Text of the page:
Researchers at NC State’s FREEDM Systems Center are developing devices and networks that will one day seamlessly connect rooftop solar panels with batteries that store energy in the basements below.

Smart grid central

June 12, 2011

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Call it the “smart grid.” Call it the “Energy Internet.” Whatever it’s called, NC State engineers are revolutionizing the way we use energy.

Researchers at NC State’s FREEDM Systems Center are developing what can be called the “smarts” of the smart electrical grid — devices and networks that will one day seamlessly connect rooftop solar panels with batteries that store energy in the basements below. At the same time, electric cars will charge in millions of garages, and consumers will sell extra electricity they generate back to the power company.

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Investigate what the house of the future will be like.

Solar Panels – Solar panels and other renewable energy generators provide supplemental energy for the house. Excess energy is strored in the on-site battery.

Wireless communication – Consumers make changes to their home energy system on the Internet. A consumer who leaves for work but forgets to turn off the air-conditioning, for example, could do so from a smartphone or workplace computer.

Smart appliances – Redesigned appliances communicate with the grid and adjust usage according to overall energy demand.

Plug-in hybrid electric car – Cars charge up at home. They can also store energy and send it back to the house or the grid.

Energy router – An energy router box outside the house monitors energy use and communicates with other homes and utilities. It changes high voltages to lower voltages, limits short circuits and provides unprecedented power quality. It also manages the smart appliances, solar panels and on-site battery.

NC State’s groundbreaking smart grid work helped prompt the White House to choose the university to be the host for a roundtable discussion on the smart grid and energy with members of President Barack Obama’s Council on Jobs and Competitiveness. The session will be led by Jeffrey Immelt, chair of the council and chairman and CEO of GE. Executives from Southwest Airlines, Comcast Corp., NextEra Energy and many of the region’s leading smart grid companies are also scheduled to attend.

Session participants, including local energy experts and business leaders, will discuss ways to create jobs in the energy and smart grid industries through partnerships with academia and state and federal government agencies. The information gathered during the meeting will be shared with President Obama during the council’s Monday afternoon session in Durham.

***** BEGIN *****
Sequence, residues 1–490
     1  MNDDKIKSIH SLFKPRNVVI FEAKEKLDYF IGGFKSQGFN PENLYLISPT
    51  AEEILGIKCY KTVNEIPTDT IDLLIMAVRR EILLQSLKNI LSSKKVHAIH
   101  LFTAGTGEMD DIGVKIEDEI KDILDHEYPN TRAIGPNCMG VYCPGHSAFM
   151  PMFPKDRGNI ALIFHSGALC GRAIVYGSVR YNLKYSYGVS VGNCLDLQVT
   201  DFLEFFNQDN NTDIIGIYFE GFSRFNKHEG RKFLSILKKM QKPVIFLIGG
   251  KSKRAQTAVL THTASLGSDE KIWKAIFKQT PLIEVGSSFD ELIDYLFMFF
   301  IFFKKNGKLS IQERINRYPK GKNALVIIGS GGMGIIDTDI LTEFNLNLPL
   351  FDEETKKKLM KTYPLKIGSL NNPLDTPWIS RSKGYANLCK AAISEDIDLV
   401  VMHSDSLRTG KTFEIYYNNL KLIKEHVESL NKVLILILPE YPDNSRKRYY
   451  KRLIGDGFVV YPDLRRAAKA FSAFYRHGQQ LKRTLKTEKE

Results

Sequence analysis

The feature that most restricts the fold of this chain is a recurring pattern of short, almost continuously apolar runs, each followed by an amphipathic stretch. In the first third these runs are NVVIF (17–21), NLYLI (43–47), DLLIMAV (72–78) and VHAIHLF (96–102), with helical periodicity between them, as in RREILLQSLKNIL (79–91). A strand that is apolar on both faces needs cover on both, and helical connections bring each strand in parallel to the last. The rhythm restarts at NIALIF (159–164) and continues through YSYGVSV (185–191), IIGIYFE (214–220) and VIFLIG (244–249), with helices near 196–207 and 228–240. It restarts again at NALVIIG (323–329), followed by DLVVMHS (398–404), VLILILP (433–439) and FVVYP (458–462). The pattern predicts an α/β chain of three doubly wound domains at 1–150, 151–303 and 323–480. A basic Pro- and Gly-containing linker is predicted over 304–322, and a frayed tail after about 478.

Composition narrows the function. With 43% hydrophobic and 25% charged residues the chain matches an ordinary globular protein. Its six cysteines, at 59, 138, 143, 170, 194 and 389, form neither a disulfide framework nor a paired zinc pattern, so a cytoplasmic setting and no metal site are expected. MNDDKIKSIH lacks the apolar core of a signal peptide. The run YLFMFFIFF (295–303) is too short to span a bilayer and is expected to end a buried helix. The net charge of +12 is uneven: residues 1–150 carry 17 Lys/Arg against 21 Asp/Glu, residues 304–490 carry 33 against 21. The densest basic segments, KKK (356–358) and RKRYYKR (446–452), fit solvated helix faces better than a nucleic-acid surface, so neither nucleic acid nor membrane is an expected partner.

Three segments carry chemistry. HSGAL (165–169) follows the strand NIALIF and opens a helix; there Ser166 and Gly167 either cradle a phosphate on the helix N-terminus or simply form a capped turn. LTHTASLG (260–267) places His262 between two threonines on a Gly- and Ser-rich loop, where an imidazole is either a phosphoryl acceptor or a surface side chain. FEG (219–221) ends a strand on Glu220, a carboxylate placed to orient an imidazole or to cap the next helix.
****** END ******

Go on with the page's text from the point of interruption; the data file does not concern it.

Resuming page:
The council meeting is another high-profile success for NC State’s smart grid research efforts. In April, a new type of transformer under development at the FREEDM Systems Center was named to MIT Technology Review’s 2011 list of the world’s 10 most important emerging technologies.

The devices, called smart solid-state transformers, represent a big step forward toward developing the smart energy grid of the future. Today’s grid, which has changed little since the days of Thomas Edison, only lets power flow in one direction — from the power company to the consumer. But as the cost of renewable energy technologies comes down and plug-in electric vehicles become more widespread, the grid will need an upgrade to handle the flood of devices that will not only consume energy, but push it back onto the grid.

The FREEDM Center’s smart transformers are built to manage power more effectively than today’s transformers. They will precisely control voltage, frequency and other electrical properties as they communicate with the rest of the grid. The devices will also help utilities incorporate lots of renewable energy into the grid with fewer blackouts or power surges.

Stephen Cass, special projects editor for the Technology Review, called the devices “a major advance for smart grids, allowing the flow of electricity to be controlled and rerouted in a manner similar to how data is routed around the Internet.”

FREEDM, which stands for Future Renewable Electric Energy Delivery and Management, was formed in 2008 by a five-year, $18.5 million Engineering Research Center grant from the National Science Foundation.
The center benefits from its location in the Triangle, one of the nation’s top smart grid hubs. A recent Duke University study counted nearly 60 smart grid companies in the region. They include the power systems giant ABB, which is developing a Smart Grid Center of Excellence just down the road from FREEDM on NC State’s Centennial Campus.